The post displays only three pictures of a lake located somewhere in south-centre Madagascar. Those three pictures are very special to me and hopefully to you as well. Tritriva lake is a natural gem, set in a scented pine wood on the top of the eponymous mountain.
Tritriva lake is very special in many ways. To start with, the shape of the small body of water resembles much Madagascar’s mainland. Of volcanic origin, it hosts no animal life as it contains sulphur and volcanic gas.
Tritriva lake displays stunningly deep blue-green water, reflecting the areal blue and the vegetal green in the surroundings. Its water colour is reputed to change drastically ahead of important events. To me, it evokes the pristine mountainous lakes of the Swiss Alps, all the more with the strong scent of pin wood resin floating in the air. I find the place so serene, restful and reinvigorating.
Tritriva lake is also enshrouded with mystery and drama. Unlike Swiss Alps lakes, its water is very opaque due to its depth. Oddly enough, its water level decreases during rainy season and increases in dry season. The lake might be connected through a siphon to an underground body of water, undiscovered yet. In 1993, the French oceanographer Jean-Yves Cousteau dived 146 meters below its surface without reaching the rock bed nor identifying the key to the odd water level fluctuations or the aforementioned siphon.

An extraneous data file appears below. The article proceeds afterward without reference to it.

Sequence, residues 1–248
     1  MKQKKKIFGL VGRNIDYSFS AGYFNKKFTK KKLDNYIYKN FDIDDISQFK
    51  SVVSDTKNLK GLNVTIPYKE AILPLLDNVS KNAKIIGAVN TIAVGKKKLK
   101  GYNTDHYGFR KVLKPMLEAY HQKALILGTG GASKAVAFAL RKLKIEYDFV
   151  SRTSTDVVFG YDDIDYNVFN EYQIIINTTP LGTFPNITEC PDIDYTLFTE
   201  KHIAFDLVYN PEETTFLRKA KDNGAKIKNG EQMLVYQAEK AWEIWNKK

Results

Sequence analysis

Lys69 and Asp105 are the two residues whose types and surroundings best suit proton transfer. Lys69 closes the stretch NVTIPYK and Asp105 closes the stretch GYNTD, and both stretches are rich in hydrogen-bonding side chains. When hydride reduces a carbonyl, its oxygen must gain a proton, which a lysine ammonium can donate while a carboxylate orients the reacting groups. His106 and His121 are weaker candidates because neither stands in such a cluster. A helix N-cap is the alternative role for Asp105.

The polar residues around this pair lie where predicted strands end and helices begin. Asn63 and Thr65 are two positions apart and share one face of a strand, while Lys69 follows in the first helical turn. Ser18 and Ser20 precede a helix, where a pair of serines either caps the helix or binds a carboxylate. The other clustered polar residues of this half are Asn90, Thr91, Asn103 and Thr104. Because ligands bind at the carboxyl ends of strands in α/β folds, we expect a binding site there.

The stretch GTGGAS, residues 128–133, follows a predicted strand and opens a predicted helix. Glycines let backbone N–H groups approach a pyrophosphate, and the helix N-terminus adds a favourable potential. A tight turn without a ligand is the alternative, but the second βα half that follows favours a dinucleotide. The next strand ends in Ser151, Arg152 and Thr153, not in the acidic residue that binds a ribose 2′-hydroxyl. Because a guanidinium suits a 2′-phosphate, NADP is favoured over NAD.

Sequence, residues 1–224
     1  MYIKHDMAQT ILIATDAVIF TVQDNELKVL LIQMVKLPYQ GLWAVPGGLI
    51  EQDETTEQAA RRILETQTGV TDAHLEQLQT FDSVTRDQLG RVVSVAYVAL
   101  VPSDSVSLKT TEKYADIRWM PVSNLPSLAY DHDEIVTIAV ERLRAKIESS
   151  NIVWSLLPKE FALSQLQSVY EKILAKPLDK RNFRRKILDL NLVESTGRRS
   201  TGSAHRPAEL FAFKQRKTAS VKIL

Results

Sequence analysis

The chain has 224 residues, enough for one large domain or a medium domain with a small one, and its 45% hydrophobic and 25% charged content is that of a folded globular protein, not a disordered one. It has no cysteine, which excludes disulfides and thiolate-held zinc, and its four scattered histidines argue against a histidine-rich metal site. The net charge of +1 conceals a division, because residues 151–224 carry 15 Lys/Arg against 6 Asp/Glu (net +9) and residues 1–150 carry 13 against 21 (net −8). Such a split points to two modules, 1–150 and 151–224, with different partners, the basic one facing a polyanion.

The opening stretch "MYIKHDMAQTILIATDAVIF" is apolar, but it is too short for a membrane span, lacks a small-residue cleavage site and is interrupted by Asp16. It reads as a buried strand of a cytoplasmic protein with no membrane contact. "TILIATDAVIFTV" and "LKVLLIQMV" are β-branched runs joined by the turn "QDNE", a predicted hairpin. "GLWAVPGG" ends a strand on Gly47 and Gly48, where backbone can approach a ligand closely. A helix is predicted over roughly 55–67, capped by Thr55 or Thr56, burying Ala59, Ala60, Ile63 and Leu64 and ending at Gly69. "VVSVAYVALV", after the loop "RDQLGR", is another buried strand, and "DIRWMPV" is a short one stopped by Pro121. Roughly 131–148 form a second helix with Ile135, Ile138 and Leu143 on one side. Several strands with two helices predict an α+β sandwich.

Tritriva lake is famous in Madagascar for setting the scene to a dramatic epic story. A Romeo and Juliette story. Long time ago, two local youngsters ended their lives by jumping jointly into its cold water, out of despair for their impossible love.
The local Romeo and Juliette were named respectively Rabeniomby and Ravolahanta. He was of a modest upbringing, while she was born in a well-off family. Such socio-economic discrepancy did not allow their relatives to agree on their union, prompting the lovers to seek their common future in the after-life.
Tritriva lake is a sacred place for Malagasy people, associated with beliefs and taboos. Local people practice animal sacrifices in the lake surroundings to appeal to the gods to make their wishes true. Swimming into its water is allowed, under the condition to have not eaten pork in the recent past.
For long time, visitors would pay respect to Rabeniomby and Ravolahanta by approaching a pine tree located on a terrace over the water and shaped as the silhouette of a loving couple. To approach the tree is fine, but to harm it is not.
Mid-20th century, a Chinese fellow reportedly swam across the lake and incised the tree with a knife. The wounded tree bled red blood. The man disappeared in the cold water during his swim back to his departure point. His body was never retrieved. A funeral stone standing on the lake shore commemorates the tragic event.
I could not spot the vegetal reincarnation of the lovers as the pine tree fell unfortunately during a 2005 cyclone.
It is no surprise to me that Cousteau did not meet with Rabeniomby and Ravolahanta during his 1993 dive in Tritriva lake. I trust that the loving couple has found peace and happiness in an Eden circling the underground lake connected to Tritriva lake through a siphon. Does the 2005 tree fall incident mean anything for Rabeniomby and Ravolahanta? Of course not, as their love is eternal.